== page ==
Goya The World’s Bitterest Melon

I went to the dentist the other day.  He’d installed a “green wall.”  This is a wall of vines andgoya foliage that covers the southern side of the clinic to provide natural cooling.  When my visit was over (no cavities!), he pointed to the top of his green wall and said, “See that up there?”

I didn’t.

“It’s goya,” he said.  “There are two up there I think.  If you can reach them, you can have them.”

That was cool, because I love goya.  Goya comes from Okinawa.  It is also called nigauri (ニガウリ) and it’s actually a type of melon.  It’s a member of the gourd family and I’ve heard that it’s also found in India.

It’s probably the earth’s bitterest vegetable.  If there’s a bitterer vegetable in some jungle or on some mountainside somewhere, I’d like to see it.  But not eat it.  Because if it’s bitterer than goya it might be downright painful.

People eat it in the blazing sticky humid summer months.  The bitter taste hangs on your tongue and refreshes your mouth.  It’s an acquired taste and most people I know either love or hate it.  I’m on the love side, but then again I’m a big fan of bitter vegetables and bitter foods in general.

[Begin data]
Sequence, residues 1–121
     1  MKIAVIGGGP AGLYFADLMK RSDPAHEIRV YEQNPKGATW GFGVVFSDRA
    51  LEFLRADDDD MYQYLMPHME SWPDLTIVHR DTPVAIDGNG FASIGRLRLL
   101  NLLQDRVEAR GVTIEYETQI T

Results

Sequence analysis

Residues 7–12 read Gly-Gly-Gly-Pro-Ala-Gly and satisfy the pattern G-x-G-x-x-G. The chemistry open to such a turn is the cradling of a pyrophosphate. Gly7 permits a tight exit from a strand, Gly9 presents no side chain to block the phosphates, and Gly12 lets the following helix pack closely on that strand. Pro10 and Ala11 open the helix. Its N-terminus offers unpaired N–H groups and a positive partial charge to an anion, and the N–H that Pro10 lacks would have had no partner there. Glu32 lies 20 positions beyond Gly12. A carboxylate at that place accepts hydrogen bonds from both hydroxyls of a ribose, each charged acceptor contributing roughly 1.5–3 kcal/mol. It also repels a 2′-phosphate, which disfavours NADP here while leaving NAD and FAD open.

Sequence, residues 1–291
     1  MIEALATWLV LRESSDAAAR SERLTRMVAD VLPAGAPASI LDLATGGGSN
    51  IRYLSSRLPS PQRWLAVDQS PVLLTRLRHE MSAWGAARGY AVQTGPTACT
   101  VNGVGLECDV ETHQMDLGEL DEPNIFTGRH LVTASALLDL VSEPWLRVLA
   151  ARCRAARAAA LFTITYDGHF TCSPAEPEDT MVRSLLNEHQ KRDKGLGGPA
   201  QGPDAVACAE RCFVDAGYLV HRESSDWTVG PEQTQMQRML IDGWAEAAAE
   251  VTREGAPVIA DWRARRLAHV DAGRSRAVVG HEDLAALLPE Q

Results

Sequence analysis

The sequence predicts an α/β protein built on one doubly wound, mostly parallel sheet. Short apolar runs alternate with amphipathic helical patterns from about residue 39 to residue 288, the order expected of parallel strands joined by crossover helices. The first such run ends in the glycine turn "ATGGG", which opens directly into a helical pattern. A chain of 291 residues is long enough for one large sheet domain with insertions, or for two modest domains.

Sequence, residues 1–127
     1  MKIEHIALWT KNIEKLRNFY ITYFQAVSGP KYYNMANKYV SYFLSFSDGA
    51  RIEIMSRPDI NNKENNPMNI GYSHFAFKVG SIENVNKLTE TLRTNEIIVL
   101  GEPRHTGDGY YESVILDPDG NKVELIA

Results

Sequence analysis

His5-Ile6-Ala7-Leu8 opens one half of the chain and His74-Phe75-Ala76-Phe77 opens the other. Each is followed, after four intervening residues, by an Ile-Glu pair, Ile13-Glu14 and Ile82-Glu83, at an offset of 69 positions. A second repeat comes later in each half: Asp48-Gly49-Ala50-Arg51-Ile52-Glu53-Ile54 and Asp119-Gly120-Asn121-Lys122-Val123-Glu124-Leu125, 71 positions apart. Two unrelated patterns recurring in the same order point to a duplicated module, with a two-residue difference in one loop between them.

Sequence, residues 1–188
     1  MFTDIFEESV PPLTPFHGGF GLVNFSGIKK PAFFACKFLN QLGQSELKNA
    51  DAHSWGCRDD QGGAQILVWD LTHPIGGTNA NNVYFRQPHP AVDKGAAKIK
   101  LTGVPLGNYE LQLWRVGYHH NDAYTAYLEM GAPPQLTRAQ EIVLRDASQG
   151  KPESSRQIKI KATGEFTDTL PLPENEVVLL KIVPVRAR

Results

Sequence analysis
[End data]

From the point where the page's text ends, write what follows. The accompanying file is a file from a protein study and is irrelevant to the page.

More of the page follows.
Most people know goya from the Okinawan dish goya champuru.  This is stir-fried pork, egg, tofu and goya.  Champuru (ちゃんぷる) is actually not an Okinawan or Ryukyuan word.  It actually comes from the Indonesian word ‘campur,’ which means ‘mixed.’  That’s according to my dictionary anyway.

But it doesn’t just end with champuru.  You can also find goya tempura, goya chips, goya curry, goya juice, goya tea, goya beer and lots more bitter delicacies.  My wife puts goya in yakisoba, fried rice and just about any other dish she can.

Goya’s not only tasty but extremely healthy.  It has something like 5 times as much Vitamin C as tomatoes.  Okinawans have always said that eating it makes you live longer and gives you healthier skin.  Recent studies show that it lowers blood pressure and helps with digestion.

It also grows really well everywhere.  One of my friends’ garden failed miserably this year, but her goya was growing good and strong.  You can even grow it in the urban jungle of Tokyo.

Oh yeah, by the way, I got the goya.  Being tall has its perks.  It just took a little climbing and stretching.  There were three of them actually.  I said to my dentist, “Are you sure you don’t want one, or two?  You can have them.”

He said, “No thanks, I hate goya.”

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